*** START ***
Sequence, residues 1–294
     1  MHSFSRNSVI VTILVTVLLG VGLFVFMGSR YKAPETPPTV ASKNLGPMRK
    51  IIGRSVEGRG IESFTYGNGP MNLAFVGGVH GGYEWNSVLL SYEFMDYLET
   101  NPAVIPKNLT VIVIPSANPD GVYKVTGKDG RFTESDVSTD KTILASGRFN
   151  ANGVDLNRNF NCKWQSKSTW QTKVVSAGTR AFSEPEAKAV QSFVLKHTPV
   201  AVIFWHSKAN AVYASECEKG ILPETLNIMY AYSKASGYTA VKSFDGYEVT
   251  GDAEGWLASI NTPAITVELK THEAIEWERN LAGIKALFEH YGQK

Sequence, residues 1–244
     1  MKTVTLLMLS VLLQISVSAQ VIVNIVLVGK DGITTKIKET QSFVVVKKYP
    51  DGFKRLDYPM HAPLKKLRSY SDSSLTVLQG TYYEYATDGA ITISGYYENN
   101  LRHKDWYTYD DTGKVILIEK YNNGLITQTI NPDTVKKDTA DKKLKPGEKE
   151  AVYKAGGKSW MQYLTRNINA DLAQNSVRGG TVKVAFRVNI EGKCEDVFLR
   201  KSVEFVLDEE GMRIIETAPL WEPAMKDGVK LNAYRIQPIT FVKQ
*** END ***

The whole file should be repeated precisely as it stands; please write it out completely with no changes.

Sequence, residues 1–294
     1  MHSFSRNSVI VTILVTVLLG VGLFVFMGSR YKAPETPPTV ASKNLGPMRK
    51  IIGRSVEGRG IESFTYGNGP MNLAFVGGVH GGYEWNSVLL SYEFMDYLET
   101  NPAVIPKNLT VIVIPSANPD GVYKVTGKDG RFTESDVSTD KTILASGRFN
   151  ANGVDLNRNF NCKWQSKSTW QTKVVSAGTR AFSEPEAKAV QSFVLKHTPV
   201  AVIFWHSKAN AVYASECEKG ILPETLNIMY AYSKASGYTA VKSFDGYEVT
   251  GDAEGWLASI NTPAITVELK THEAIEWERN LAGIKALFEH YGQK

Sequence, residues 1–244
     1  MKTVTLLMLS VLLQISVSAQ VIVNIVLVGK DGITTKIKET QSFVVVKKYP
    51  DGFKRLDYPM HAPLKKLRSY SDSSLTVLQG TYYEYATDGA ITISGYYENN
   101  LRHKDWYTYD DTGKVILIEK YNNGLITQTI NPDTVKKDTA DKKLKPGEKE
   151  AVYKAGGKSW MQYLTRNINA DLAQNSVRGG TVKVAFRVNI EGKCEDVFLR
   201  KSVEFVLDEE GMRIIETAPL WEPAMKDGVK LNAYRIQPIT FVKQ